Anglo-Saxon (500-1000)

Arthur and the Celtic Decline

As the raiders confidently advanced, Germanus raised his staff and three times shouted “Alleluia, Alleluia, Alleluia”. The whole army joined in the shout and the hills rang and echoed with their cries. The enemy column panicked, thinking that the very hills were falling on them threw away their weapons and fled, many drowning in the nearby river in their haste to get away.

We now return to Vortigern who, having disastrously invited Hengist and Horsa to Britain was virtually deposed by his son Vortimer who was the real leader in the ensuing battle of Aylsford where some success was had in driving out the Saxons but at the cost of his brother Catigem’s life. The battle of Crayford in 457AD however, was a disaster with the Saxons reportedly killing four thousand Britons; the remainder abandoned the defence of Kent and fled to London. Some flavour of the time, plus the alignments and intrigues of rulers can be deduced from Vortigern, having been sidelined by his son, married Rowena, the daughter of Hengist. Seeing a threat from Vortimer, she persuades Vortigern to have his son poisoned and to resume his own rule which continued until 480AD. His reign heralded yet more success to the invading Saxons with Vortigern either unable or unwilling to make a strong stand against them.

The Anglo Saxon Chronicle cites many invasions and battles during this period. In 466AD, a great battle was fought between Hengist, Horsa and the Britons, called Welsh by the invaders (that being a Saxon word meaning “foreigner”) at a place called Wippedesfleot. During this battle, twelve Welsh Ealdormen were killed, plus one of the invading commanders called Wipped. It is likely that the battle site was named in his honour. The Chronicle goes on to relate that these invasions were clearly unacceptable to many of the indigenous population, among which was a certain Ambrosius Aurelianus, a Roman Briton who, with his brother Uther, was smuggled abroad to Britanny during the upheaval following the murder of Constans. In his Historia Brittonum, Nennius again writes that Ambrosius was the son of Constantine, had “worn the purple” and was thus rightful heir to Britain.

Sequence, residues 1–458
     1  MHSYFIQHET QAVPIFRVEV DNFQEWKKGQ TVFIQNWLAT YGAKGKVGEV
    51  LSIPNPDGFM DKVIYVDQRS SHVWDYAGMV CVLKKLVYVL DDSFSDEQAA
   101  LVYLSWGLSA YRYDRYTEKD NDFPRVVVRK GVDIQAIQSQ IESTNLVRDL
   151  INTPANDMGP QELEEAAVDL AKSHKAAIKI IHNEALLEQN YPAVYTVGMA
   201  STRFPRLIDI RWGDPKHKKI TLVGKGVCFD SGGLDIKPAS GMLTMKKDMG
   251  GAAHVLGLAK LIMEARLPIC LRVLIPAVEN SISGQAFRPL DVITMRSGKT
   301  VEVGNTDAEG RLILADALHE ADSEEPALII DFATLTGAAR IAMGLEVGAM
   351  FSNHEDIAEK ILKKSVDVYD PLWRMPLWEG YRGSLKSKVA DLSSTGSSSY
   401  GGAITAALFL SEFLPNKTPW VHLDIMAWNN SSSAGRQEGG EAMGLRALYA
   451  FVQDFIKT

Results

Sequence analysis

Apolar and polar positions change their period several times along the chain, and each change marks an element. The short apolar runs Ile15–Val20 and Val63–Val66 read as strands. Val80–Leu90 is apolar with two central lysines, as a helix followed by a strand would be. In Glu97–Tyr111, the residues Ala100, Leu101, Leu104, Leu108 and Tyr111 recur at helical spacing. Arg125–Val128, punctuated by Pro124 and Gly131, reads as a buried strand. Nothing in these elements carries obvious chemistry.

He returned to Britain, landing at Totness, and raised his own army to oppose both Vortigern and the Anglo Saxons. It is known that he fought against Vortigern’s General Vitolinus at a placed named Guoloph, thought to be near Wallop in the modern Somerset and, having won, went on to attack and subsequently kill Vortigern by burning him to death in a tower. He went on to capture and execute Hengist at what is now Conisburgh.

Nennius names Ambrosius as “king among all kings in the British nation” and goes on to state that he was given “the fortress with all the kingdoms in the western part of Britain” although it is not known how much of the land he actually ruled.  It is also known that in 495AD, his forces won a great victory over the Anglo Saxons at the battle of Mount Badon, thought to be in the region of Bath in Somerset, or near Liddington Castle near Badbury Wiltshire, and, as a result, according to the writer Gildas, stemmed the tide of invasion for over forty years.

This agrees with other sources who confirm that a relative peace existed between the two sides for many years after the battle. It must also be remembered that the writers of both sides would put history in a favourable light to themselves, thus, the Chronicle will relate many Saxon victories, but not defeats, whereas the native writers would place events in a manner advantageous to themselves.

The Chronicle states that the Saxons Cerdic and Cynric landed at  Cerdicesora (probably Calshot in Hampshire) in the year of the Baydon Hill battle 495AD. It relates that they fought the Welsh “on the same day”, Welsh being a common term for the native Britons, coming from the Saxon “waelisc” meaning foreigner or slave. A passage relating to 514AD reads virtually the same apart from the names of the leaders now named as Stuf and Wihtger. This and many other similarities are due to the form in which the Chronicle is written, being based on a nineteen year cycle used to calculate Easter dates. In a probable attempt to unite the warring factions Ambrosius appointed Vortigern’s third son Pascent as king of Buellt and Gwertheyrion. Pascent was clearly not content and in 501AD, arranged for Ambrosius to be poisoned by a renegade Saxon called Eoppa.